JC: Huge. It is in my blood. I love it. Since I storyboard it influences how I depict a shot or board the character. I realized though that the animation I grew up on, that I went to school to learn and wanted to do is dead. It died long before CG usurped 2D. It passed away with the demise of the theatrical short. The animation at Warner Bros and the Disney stuff of the late 30’s , 40’s and Fifties, I am talking about. This was pure animation and the way those old guys thought about story was pure animation. It is hard to describe but they weren’t trying to get close to live-action or even the illusion of life they new the medium they were in and these guys knew how to milk it. I find the last two projects I had the good fortune to make have been my attempt to capture a little of that pure 2D animation.
AW: I LOVE traditional animation. It’s what got me into the world of animation and film in the first place. When I think of traditional animation, of GOOD traditional animation, I think of it as the foundation of what I’m doing now in 3D. It’s where I got all of my principles: design, composition, performance, timing, etc. For me, traditional animation formed the foundation from which I’ve built my understanding and love for film.
Do you begin working on the titles before story is finished?
JC: Nope, not in my experience. The titles are such an after thought it is almost like someone wakes up one morning in a cold sweat realizing that they hadn’t put any titles on their film and then it is hurry up get some credits on this thing! It is the nature of the beast, no one wants to think about the titles, they are too involved in getting a film done to attach to the credits. This hurts us a bit in artist resources and the time crunch but you learn to be flexible and resourceful. I actually kind of like it. I like being scrappy and being forced to figure out how to make the best of what I’ve got on hand.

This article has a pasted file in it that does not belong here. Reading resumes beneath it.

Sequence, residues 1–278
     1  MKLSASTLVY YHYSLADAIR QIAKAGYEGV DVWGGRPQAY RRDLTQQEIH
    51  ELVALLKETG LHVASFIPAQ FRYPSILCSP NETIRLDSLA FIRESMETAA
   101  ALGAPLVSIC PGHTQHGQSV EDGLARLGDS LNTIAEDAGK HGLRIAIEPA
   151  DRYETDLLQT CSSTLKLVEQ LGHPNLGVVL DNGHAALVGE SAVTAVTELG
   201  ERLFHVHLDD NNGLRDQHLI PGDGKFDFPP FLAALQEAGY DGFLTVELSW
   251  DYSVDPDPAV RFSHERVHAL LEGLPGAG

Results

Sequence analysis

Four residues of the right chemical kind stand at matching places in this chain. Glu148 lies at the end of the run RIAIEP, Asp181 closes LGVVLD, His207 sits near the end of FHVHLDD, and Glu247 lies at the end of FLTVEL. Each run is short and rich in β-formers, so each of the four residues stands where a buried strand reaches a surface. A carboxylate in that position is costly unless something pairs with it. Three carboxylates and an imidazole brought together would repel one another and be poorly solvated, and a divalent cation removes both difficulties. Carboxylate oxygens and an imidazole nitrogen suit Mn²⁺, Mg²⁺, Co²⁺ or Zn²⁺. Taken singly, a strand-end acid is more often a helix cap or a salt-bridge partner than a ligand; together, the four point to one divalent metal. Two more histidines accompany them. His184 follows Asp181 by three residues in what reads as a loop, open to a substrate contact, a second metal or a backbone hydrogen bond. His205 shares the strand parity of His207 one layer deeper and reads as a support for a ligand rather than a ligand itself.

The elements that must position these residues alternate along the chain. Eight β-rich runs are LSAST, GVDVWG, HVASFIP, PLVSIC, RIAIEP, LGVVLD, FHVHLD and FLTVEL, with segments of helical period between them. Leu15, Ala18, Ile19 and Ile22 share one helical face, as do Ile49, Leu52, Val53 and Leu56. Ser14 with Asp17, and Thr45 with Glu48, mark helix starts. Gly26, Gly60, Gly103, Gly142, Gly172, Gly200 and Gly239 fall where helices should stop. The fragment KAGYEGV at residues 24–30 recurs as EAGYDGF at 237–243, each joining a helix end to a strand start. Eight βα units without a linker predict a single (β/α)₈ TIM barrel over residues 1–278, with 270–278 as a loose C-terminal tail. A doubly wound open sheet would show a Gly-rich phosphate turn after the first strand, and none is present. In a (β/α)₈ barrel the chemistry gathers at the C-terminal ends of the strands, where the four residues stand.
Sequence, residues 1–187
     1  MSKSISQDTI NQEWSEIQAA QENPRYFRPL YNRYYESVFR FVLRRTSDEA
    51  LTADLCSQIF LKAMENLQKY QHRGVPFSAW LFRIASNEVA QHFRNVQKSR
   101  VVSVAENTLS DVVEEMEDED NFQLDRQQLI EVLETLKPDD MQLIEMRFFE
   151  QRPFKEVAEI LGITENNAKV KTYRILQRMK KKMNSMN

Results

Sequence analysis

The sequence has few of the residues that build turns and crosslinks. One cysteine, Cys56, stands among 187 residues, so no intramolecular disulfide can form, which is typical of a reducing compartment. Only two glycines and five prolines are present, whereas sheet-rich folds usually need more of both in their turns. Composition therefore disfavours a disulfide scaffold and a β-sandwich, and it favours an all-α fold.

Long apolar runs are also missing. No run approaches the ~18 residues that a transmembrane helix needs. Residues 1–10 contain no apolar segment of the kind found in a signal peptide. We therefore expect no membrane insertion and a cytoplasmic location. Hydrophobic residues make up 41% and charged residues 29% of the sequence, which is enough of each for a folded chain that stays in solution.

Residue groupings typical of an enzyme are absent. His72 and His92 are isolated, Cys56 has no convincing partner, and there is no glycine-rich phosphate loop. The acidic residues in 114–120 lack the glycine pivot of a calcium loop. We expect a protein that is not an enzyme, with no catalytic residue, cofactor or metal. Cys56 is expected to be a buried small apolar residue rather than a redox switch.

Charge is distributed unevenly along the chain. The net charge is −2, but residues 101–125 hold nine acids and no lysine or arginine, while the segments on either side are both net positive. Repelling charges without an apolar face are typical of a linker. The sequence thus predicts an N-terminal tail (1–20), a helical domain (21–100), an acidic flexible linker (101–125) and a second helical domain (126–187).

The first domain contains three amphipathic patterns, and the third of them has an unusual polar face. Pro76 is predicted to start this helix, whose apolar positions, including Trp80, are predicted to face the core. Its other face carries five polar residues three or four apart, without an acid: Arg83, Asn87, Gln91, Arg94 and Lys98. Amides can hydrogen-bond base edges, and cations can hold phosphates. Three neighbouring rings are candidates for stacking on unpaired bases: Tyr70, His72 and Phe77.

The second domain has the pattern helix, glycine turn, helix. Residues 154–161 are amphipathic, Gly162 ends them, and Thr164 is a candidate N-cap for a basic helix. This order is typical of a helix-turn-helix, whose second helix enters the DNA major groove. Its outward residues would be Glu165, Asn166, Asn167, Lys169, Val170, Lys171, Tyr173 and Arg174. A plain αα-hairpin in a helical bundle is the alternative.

How did you decide on the order of the painterly flourishes? How did you emulate the textures of the artwork?
JC: We landed early on with Van Gogh, Kevin had put WALL·E and EVE in this lush feeling Van Gogh and it felt to both Andrew and I that that was were we should end with the cards. It was a good depiction of the Earth’s vegetation fully back. We then worked backwards. Van Gogh is post-impressionist so naturally we had to have impressionist and Seurat seemed right, his idyllic sunday in the park. The period between flemish drawings and the impressionists was a bit difficult to figure out. We couldn’t really do anything super representational like Rembrandt. since every section was going to have some animation in it. It seemed we could get away with more if we could stay abstract. Like the earlier art forms lent themselves to.
So the painting sections became real nail biters. This goes back to art periods being represented by particular artists. Once you say okay this is going to be Turner like into Seurat like into Van Gogh like you now have to pull off these particular painting styles. We have very talented artist at Pixar, the best, but I didn’t know if the painter I would get would be able to pull this off. Maybe they could do one of the styles. But we persevered and we got John Lee who basically could be an art forger. I am so grateful for what he brought to the piece, he actually suggested Turner for the pre-impressionist painting. I was able to sleep again. As far as technique it was mostly done in photoshop. John is just a whiz with his tools. Really unbelievable.
What’s the ratio, if any, of traditional vs. digital in this piece?
AW: When you’re referring to traditional vs. digital, do you mean hand drawn vs. After Effects? I think the question assumes a dichotomy that doesn’t necessarily exist. All of the animation and the backgrounds in the titles were put together digitally, painted digitally, and timed digitally. There was a lot of hand drawn work in there (the actual frames of animation, and even some backgrounds Scott painted on real media and then scanned in to the computer and further manipulated it), but all of it went through some form of digital manipulation. I don’t know if I can give you a proper ratio.